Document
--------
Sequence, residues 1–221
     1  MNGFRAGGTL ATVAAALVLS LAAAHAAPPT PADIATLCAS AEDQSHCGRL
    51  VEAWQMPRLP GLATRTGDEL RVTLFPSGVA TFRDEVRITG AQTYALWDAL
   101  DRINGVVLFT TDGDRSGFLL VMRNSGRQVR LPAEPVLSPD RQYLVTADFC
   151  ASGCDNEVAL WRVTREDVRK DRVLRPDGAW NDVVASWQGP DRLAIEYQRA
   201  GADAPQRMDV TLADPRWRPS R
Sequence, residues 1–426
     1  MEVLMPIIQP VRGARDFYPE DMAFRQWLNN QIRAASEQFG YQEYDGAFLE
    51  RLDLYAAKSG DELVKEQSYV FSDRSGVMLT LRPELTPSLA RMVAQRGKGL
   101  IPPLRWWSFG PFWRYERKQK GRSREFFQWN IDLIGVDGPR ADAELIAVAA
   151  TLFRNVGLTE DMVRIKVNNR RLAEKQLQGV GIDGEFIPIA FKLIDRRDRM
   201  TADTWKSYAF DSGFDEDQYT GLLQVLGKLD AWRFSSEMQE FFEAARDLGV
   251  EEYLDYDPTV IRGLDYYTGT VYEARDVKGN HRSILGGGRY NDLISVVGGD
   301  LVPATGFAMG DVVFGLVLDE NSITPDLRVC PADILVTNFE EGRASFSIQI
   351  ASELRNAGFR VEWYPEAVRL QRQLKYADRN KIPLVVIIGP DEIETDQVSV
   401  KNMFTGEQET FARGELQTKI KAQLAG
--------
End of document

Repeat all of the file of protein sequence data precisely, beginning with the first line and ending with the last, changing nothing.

Sequence, residues 1–221
     1  MNGFRAGGTL ATVAAALVLS LAAAHAAPPT PADIATLCAS AEDQSHCGRL
    51  VEAWQMPRLP GLATRTGDEL RVTLFPSGVA TFRDEVRITG AQTYALWDAL
   101  DRINGVVLFT TDGDRSGFLL VMRNSGRQVR LPAEPVLSPD RQYLVTADFC
   151  ASGCDNEVAL WRVTREDVRK DRVLRPDGAW NDVVASWQGP DRLAIEYQRA
   201  GADAPQRMDV TLADPRWRPS R
Sequence, residues 1–426
     1  MEVLMPIIQP VRGARDFYPE DMAFRQWLNN QIRAASEQFG YQEYDGAFLE
    51  RLDLYAAKSG DELVKEQSYV FSDRSGVMLT LRPELTPSLA RMVAQRGKGL
   101  IPPLRWWSFG PFWRYERKQK GRSREFFQWN IDLIGVDGPR ADAELIAVAA
   151  TLFRNVGLTE DMVRIKVNNR RLAEKQLQGV GIDGEFIPIA FKLIDRRDRM
   201  TADTWKSYAF DSGFDEDQYT GLLQVLGKLD AWRFSSEMQE FFEAARDLGV
   251  EEYLDYDPTV IRGLDYYTGT VYEARDVKGN HRSILGGGRY NDLISVVGGD
   301  LVPATGFAMG DVVFGLVLDE NSITPDLRVC PADILVTNFE EGRASFSIQI
   351  ASELRNAGFR VEWYPEAVRL QRQLKYADRN KIPLVVIIGP DEIETDQVSV
   401  KNMFTGEQET FARGELQTKI KAQLAG